Tips for concert etiquette

How to improve the concert experience

Mikayla Coleman | Managing Editor

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Recently I attended two live shows back to back. I enjoyed both artists to the same extent, but each concert experience was distinct based upon the characters I was surrounded by. The crowd can make or break the concert experience. Use these tips to ensure that everyone has a fulfilling time seeing their favorite artists. 


Get to know people that are close. People are going to bump into one another. But since pushing and bumping into each other is inevitable, getting to know the people that are near can help ease the tension. Saying something before the concert starts like “I just want you to know that if I run into you, it is not deliberate and I am sorry” can be a good way to make sure that everyone nearby is on the same page. Asking where people are from, what their names are or how they feel about the performance can break the ice and make those interactions less awkward. At the second concert I attended, my friend and I were able to make friends with those who were around us and it was a major improvement.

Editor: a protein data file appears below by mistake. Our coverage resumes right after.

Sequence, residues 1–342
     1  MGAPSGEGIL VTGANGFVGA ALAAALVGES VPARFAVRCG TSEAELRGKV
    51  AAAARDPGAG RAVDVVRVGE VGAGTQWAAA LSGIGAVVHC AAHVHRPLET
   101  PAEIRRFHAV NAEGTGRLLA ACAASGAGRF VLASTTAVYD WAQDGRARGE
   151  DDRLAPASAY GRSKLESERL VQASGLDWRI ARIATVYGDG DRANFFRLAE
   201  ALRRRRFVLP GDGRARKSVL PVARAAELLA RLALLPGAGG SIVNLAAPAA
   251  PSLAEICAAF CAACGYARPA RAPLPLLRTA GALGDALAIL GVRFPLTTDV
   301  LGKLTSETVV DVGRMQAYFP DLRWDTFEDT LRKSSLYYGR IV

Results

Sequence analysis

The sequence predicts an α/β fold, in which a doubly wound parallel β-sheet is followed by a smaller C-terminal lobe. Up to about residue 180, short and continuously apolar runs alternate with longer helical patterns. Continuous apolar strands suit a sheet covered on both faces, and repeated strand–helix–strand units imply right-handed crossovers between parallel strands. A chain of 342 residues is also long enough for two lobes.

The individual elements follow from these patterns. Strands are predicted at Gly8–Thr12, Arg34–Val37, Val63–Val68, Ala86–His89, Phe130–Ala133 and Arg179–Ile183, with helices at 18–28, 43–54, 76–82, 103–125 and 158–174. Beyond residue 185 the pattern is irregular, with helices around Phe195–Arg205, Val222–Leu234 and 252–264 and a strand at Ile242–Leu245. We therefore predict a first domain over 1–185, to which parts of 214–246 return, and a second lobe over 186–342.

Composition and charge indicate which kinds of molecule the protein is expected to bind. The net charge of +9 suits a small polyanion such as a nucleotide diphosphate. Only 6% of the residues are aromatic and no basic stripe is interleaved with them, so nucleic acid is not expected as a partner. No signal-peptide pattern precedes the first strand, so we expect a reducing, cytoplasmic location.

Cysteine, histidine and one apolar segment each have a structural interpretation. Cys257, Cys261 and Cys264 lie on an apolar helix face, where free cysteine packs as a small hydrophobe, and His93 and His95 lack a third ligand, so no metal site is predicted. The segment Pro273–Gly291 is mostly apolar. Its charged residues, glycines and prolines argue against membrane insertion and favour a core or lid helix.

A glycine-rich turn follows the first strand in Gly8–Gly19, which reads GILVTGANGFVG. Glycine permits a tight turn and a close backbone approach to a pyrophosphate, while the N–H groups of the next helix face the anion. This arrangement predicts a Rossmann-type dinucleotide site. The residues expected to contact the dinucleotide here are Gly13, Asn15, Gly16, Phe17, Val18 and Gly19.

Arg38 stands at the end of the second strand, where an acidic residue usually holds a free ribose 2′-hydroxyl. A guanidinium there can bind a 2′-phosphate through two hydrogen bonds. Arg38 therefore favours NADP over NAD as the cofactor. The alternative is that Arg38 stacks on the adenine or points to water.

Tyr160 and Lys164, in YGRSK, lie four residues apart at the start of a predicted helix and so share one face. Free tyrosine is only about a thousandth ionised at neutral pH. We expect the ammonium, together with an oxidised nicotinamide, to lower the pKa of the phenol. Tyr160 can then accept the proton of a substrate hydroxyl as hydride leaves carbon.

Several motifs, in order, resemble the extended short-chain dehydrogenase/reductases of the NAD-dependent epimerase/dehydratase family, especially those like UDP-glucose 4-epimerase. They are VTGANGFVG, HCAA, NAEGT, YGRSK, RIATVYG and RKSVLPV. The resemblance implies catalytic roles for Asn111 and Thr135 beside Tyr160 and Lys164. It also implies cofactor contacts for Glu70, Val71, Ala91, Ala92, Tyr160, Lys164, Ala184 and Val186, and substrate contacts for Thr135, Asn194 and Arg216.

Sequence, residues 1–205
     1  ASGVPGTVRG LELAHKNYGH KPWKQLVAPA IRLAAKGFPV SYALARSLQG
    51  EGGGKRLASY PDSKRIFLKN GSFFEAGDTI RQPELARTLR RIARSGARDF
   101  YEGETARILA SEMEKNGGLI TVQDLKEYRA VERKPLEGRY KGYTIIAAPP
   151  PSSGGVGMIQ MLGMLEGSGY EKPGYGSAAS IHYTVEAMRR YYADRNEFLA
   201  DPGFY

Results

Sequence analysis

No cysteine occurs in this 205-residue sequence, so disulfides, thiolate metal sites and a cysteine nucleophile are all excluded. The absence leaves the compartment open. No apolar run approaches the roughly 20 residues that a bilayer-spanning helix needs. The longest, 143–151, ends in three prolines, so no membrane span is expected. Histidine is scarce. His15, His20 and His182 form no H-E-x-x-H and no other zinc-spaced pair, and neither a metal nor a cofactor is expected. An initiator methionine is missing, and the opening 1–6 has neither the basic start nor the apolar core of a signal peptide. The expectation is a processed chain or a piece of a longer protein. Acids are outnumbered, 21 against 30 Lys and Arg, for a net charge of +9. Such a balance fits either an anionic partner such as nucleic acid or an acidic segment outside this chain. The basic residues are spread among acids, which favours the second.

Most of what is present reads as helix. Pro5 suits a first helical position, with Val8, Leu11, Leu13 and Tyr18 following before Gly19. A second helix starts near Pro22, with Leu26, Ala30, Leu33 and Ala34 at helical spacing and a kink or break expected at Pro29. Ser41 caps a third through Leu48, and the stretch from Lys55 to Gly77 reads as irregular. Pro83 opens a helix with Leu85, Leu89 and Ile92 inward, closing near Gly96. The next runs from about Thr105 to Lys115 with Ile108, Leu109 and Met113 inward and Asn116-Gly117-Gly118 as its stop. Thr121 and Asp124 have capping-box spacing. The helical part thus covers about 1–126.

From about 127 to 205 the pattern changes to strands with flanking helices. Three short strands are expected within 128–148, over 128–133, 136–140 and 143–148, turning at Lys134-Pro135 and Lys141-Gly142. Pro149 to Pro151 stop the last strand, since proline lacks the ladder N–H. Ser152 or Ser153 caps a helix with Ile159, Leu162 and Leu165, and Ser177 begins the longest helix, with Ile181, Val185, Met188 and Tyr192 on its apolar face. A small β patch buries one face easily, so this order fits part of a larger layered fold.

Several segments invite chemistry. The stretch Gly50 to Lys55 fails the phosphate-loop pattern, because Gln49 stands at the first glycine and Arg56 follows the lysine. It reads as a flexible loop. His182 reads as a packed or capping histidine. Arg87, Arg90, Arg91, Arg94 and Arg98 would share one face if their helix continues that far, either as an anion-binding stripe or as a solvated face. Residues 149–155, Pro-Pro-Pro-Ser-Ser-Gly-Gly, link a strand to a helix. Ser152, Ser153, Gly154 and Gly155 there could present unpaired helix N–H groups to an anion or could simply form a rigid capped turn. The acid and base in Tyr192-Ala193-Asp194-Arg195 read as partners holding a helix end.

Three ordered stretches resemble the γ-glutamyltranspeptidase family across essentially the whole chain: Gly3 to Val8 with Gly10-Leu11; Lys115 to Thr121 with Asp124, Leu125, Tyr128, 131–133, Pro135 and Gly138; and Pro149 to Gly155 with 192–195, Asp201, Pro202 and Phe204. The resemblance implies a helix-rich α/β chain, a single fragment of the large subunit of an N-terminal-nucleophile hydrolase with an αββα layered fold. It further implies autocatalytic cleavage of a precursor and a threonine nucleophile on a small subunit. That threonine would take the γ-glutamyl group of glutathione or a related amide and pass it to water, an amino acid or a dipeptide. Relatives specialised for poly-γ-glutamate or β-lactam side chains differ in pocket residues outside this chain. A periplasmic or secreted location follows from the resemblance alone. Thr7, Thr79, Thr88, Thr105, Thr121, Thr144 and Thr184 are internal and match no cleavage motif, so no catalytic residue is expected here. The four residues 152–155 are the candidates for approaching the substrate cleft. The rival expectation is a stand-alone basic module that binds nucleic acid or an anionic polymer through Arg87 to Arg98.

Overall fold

Take care of one another. The venue of the first concert was very poorly ventilated, which made the crowd an even more dangerous place to be. Attendees were passing out before the opener even played. Eventually the band asked for water bottles to be handed out to the crowd, but that does not always happen. Being aware of the state of people nearby is crucial in these types of settings. Concerts are as mentally and physically exhausting as they are incredible. When someone needs water or medical assistance, the crowd needs to alert the right authorities and make room so that person is able to get help as quickly as possible. A simple “Are you doing okay?” to check in usually does the trick. 


Think about the experience of others. Everyone loves to scream their favorite songs when they are being performed live. People also like to get videos of specific songs to be able to watch back later. If one is screaming louder than the performer, perhaps it is time to take a second to adjust the volume of their voice. This doesn’t mean that everyone should be quiet at all times or not enjoy themselves, but it is something to be aware of. The second concert was a better experience for me on almost all levels, except there was a person behind me who was screaming along to every song so loudly that my phone only picked up their voice instead of the actual performer, which was extremely disappointing. At the first concert, a person in front of me decided they were going to record the entirety of every single song on their phone, blocking the view of those behind us. I understand taking strategic videos so that there is something to look back on, but remember, these are live events and the whole point of going is to be able to live the experience, not see the entire thing through a phone.